D.H. Lawrence and the Paradoxes of Psychic Life
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Explores the multiple, often contradictory identifications and fantasies that distinguish Lawrence's fiction, casting fresh light on his relationship with women.
Contributing to the debate about D. H. Lawrence's relationship with and fictional portrayal of women, this book discusses how the dynamic tensions of his art dramatically reenact the competing forces of psychic and relational life. In her examination of Sons and Lovers, The Rainbow, Women in Love, and various short stories, Schapiro discusses how Lawrence's best works reveal a continual struggle to recognize and be recognized by the other as an independent subject. Drawing on Jessica Benjamin's psychoanalytic theory of intersubjectivity, she also demonstrates how a breakdown of balanced subject-subject relations in his texts gives rise to defensive polarities of gender and of domination and submission.
Barbara Ann Schapiro is Professor of English at Rhode Island College. She is also the author of Literature and the Relational Self; The Romantic Mother: Narcissistic Patterns in Romantic Poetry; and is the coeditor, with Lynne Layton, of Narcissism and the Text: Studies in Literature and the Psychology of Self.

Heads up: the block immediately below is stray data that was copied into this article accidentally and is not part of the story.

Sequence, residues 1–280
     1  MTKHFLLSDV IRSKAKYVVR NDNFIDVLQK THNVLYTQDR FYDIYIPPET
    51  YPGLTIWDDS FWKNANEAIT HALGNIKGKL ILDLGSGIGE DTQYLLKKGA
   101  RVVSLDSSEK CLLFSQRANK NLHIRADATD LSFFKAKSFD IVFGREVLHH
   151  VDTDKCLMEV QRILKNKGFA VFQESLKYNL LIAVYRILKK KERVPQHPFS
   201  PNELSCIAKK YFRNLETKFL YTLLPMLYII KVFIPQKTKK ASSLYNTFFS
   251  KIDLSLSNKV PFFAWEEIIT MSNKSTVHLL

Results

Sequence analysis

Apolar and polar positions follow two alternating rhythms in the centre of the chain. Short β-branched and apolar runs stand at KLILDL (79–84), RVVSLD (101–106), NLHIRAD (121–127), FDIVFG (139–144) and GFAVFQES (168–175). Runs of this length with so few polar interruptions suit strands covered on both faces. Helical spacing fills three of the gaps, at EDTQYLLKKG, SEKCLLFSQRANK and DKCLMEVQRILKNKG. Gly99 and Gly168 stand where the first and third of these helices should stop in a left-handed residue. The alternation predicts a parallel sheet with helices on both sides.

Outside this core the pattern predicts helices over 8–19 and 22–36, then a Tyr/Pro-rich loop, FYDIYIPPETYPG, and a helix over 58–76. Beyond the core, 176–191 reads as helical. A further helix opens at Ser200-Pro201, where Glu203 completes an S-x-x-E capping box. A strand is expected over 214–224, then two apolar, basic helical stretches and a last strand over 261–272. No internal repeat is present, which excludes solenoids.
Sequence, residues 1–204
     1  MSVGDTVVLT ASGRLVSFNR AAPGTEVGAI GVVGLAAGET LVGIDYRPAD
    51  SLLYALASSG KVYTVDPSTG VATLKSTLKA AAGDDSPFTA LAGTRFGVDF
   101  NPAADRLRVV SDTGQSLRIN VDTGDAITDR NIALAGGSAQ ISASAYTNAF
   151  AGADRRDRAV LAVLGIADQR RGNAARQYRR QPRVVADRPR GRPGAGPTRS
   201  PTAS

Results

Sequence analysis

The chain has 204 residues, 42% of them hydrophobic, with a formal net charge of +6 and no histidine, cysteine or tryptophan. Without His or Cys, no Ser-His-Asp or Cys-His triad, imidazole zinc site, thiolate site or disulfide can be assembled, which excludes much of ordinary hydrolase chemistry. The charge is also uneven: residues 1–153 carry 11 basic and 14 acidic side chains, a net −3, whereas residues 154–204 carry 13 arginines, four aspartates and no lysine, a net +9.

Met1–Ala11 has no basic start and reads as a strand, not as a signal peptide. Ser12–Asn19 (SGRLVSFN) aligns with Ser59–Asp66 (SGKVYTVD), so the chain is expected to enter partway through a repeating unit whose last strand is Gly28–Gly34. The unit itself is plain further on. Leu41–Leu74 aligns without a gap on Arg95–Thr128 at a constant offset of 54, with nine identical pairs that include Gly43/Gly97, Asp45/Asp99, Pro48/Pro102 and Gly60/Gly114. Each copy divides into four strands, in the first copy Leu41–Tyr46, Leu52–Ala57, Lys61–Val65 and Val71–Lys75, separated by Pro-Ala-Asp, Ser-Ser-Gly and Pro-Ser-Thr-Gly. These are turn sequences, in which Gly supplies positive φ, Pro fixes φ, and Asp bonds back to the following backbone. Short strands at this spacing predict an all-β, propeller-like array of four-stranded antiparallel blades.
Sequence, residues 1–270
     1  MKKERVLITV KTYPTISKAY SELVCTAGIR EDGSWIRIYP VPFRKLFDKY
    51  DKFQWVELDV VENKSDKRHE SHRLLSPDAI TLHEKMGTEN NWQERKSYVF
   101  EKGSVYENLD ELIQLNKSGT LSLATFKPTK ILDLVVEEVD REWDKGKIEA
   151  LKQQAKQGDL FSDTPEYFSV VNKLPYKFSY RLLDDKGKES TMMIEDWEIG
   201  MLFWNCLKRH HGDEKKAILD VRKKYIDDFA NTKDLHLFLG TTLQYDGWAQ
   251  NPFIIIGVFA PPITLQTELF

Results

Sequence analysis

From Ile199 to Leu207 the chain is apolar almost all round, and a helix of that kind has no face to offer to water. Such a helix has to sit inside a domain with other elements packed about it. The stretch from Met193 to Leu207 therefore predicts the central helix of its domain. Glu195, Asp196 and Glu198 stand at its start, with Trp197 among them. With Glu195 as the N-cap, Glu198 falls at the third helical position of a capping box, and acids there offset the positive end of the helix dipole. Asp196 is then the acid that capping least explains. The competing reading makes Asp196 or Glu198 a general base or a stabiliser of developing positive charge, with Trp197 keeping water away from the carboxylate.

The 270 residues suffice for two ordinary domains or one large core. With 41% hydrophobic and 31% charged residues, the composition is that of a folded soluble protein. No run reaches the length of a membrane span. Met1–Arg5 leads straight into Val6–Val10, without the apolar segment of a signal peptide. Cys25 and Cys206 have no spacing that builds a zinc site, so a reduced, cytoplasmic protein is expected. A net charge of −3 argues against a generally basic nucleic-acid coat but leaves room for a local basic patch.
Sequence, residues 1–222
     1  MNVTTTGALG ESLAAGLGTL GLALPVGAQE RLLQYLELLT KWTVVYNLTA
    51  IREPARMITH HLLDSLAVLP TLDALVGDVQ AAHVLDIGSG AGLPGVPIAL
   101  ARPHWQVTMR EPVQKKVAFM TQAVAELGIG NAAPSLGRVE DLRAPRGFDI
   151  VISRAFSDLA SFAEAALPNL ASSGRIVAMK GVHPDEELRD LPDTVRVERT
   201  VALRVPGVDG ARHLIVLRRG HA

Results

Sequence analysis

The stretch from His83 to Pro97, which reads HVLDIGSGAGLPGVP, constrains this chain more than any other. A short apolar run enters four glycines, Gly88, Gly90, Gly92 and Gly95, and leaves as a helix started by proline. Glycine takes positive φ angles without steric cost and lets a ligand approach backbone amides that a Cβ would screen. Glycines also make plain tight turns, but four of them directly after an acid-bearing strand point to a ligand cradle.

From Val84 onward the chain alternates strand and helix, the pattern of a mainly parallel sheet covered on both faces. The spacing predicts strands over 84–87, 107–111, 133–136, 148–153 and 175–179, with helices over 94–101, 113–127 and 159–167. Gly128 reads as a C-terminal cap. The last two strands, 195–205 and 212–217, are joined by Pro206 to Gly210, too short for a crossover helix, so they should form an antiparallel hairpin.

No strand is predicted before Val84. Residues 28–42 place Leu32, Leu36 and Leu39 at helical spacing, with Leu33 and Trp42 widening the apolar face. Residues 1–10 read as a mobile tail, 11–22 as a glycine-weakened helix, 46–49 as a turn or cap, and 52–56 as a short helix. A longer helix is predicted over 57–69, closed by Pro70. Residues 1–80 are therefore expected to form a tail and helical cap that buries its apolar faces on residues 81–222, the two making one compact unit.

"Barbara Schapiro has written the best psychoanalytic interpretation of D. H. Lawrence that has yet been produced. The most impressive features of this book are its interpersonal focus and its inclusive understanding of Lawrence's struggle to reconcile deep-rooted conflict with mutual recognition of self and other. Schapiro brings contemporary psychoanalysis closer to Lawrence's recurrent patterns of representation than any critic has before. At her book's core is a new and important re-reading of the mother-son relation in Lawrence's life and work." — Murray M. Schwartz, Emerson College
"It is refreshing to read an authoritative book written by someone who knows what she's talking about. Lawrence has been, from the publication of Sons and Lovers on, viewed by some critics from a psychoanalytic perspective. Schapiro's book is the first to explore Lawrence's work in depth from the perspective of relational theorists. I see it as an important contribution in large part because it reflects post-Freudian developments that are central to psychoanalysis itself today and applies them authoritatively. " — James C. Cowan, University of North Carolina, Chapel Hill